Toyota Celica GT Rally logo

Gremlin £24.99 * Joystick and Mouse

It doesn't take much imagination for a driver to see himself, and his vehicle, as stage leaders in a cross-country rally when he's got a piece of A-road to himself on a Sunday afternoon. Gremlin know this too. A good rally game is just what the car-racing game enthusiasts want and the Sheffield bits 'n' bytes bunch are only to happy to oblige.

Enter Toyota Celica Rally. You're offered a choice of either race or practice on three different courses set in England, Norway and Mexico. On the latter races are beset by harsh sand-storms but your vehicle's wipers can deal with these conditions. Controls can be toggled and, the first time I played, I opted for joystick and practice - never let it be said that reviewers don't dive at the deep end. Just for comfort, I set off on English roads.

Skid Marks
My navigator was strapped into the sound chip, a collection of cued sampled imperatives like, "Hard left." He didn't mumble a single over-sampled syllable before we set off. Thankfully, he didn't snort when I stalled either. But he was not much better at calling than I was at driving. Once I found fifth - and I was loathe to change down from it, even if I was only doing forty - I wanted to be given more detailed road data than just simply "left" or "right".

The problem with the navigator, it turned out, was that he would call directions at the same point on the route every time, regardless of the speed at which we approached a corner. What he should have done was call later if we were travelling too slowly, or earlier if the car was travelling too quickly. As it happened he gave me the calls at such inconvenient times, given that I was almost useful as a bad backseat driver's ear-ache.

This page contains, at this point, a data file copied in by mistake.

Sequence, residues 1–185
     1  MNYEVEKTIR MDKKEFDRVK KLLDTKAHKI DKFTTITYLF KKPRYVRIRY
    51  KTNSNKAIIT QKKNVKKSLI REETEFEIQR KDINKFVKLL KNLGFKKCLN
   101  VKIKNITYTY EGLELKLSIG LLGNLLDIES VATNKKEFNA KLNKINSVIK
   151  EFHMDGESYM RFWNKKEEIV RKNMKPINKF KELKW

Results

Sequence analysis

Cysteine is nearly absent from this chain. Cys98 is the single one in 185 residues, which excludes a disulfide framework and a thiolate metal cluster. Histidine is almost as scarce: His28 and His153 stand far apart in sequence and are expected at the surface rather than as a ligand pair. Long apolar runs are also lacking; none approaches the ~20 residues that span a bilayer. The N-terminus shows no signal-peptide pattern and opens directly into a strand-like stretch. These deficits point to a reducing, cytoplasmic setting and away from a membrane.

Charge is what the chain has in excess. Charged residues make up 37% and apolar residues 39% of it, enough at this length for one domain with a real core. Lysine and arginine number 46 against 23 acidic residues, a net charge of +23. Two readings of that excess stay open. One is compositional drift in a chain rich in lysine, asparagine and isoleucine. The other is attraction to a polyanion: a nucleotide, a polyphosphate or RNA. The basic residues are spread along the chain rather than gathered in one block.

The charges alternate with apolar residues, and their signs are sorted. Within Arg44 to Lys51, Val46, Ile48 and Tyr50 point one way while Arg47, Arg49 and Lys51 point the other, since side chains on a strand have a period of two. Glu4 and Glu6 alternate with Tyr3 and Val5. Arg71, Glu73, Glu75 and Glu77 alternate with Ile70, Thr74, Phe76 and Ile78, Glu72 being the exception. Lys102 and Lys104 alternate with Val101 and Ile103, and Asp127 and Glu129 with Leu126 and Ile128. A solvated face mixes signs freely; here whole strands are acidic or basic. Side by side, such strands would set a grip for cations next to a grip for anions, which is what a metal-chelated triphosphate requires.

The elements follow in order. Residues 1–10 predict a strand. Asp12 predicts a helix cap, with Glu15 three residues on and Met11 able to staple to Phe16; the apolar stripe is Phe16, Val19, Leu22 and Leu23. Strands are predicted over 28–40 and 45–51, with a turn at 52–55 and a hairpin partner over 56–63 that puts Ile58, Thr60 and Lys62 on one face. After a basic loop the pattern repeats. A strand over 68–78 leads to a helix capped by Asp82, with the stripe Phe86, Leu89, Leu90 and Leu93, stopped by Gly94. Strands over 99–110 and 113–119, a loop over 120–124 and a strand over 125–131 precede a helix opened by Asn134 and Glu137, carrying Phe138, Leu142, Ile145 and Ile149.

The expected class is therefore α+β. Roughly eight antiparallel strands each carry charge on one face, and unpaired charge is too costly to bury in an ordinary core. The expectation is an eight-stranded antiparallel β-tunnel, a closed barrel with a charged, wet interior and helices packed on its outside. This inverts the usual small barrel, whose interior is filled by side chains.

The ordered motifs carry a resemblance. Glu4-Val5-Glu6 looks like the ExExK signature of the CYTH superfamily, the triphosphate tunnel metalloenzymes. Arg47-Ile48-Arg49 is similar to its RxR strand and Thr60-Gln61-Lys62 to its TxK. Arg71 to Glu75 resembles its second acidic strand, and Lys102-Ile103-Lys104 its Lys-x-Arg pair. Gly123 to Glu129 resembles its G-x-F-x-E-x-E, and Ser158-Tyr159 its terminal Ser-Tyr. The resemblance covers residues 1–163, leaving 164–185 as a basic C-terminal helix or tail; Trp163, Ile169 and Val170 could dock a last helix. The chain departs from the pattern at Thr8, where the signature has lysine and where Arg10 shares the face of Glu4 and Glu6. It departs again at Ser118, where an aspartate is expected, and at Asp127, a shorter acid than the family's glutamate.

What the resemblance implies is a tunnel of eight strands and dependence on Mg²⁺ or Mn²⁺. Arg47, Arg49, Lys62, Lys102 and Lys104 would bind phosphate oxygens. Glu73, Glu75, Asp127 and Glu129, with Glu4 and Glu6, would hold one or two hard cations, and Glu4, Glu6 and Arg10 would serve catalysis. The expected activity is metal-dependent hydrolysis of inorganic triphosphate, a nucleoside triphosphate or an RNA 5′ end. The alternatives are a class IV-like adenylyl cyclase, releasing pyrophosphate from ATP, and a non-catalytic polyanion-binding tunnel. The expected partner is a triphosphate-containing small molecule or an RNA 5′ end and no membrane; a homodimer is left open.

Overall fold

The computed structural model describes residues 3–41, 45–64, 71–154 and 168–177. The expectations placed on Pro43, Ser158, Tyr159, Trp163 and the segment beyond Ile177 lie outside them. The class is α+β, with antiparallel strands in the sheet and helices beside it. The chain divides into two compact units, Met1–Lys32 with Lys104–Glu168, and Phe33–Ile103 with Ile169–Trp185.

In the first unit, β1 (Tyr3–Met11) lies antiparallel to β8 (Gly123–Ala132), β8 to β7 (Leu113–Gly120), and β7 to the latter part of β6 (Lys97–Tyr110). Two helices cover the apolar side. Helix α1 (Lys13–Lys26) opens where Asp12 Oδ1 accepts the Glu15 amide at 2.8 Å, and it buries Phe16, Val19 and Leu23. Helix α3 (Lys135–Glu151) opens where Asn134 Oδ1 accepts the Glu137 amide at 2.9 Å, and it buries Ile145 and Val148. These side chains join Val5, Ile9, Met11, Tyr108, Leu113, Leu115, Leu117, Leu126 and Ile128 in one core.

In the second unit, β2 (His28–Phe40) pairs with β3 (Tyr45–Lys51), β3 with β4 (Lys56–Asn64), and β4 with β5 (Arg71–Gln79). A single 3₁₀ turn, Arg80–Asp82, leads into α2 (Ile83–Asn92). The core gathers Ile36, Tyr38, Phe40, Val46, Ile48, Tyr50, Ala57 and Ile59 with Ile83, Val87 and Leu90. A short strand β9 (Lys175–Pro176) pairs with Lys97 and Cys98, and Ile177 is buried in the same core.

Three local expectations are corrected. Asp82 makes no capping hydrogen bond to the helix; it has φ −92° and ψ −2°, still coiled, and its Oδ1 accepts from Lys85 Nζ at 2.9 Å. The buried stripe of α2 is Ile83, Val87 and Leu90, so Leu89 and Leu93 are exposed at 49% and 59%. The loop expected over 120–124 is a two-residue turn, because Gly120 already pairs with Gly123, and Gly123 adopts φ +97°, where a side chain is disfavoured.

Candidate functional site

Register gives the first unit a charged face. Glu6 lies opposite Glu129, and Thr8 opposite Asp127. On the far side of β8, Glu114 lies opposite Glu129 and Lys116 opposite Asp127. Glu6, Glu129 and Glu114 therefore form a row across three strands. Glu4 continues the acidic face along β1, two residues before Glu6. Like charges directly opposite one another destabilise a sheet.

Next time, can we have a navigator who gets nervous with reckless drivers? It ought to be easy. Even though you can take a look at a route prior to the start of a real race and prime your navigator to issue specific commands at certain points, it's a feature which doesn't help much.

On the whole, the Celica itself could really do the business, as you would expect. It gave a good, early impression of its road-holding characteristics and accelerated at a satisfyingly manic pace, though changing down proved to be a problem which continually made me lose time.

Write off
I wrote-off one machine, parking it in the front window of someone's cottage following a quick experiment in aqua-planing. This highlighted the most annoying factor of the game, the overly harsh time-keeping. If you slide off the road, the engine loses revs, you balletically spin and the wheels lose traction. All these factors consume valuable driving seconds. Yet when you are placed back on the road the game docks another 20 seconds for going off course. Real rallying is about getting from A to B quickly not about keeping perfectly on the road.

Toyota Celica Rally definitely requires acquired skill if you're going to get the most enjoyment from it but you may well be put off before then. The game itself does not give a clear impression of speed, and it's necessary to adjust to this before you can really get to grips with the rally-sim potential.

The sound is the only feature that comes close to capturing the atmosphere of a mad four-wheel dash through the country. Mastering control of the Celica is not beyond the wildest dreams of the hamfisted, but I imagine there will be much chewing bottom lips during the frustrating process of getting to grips with it.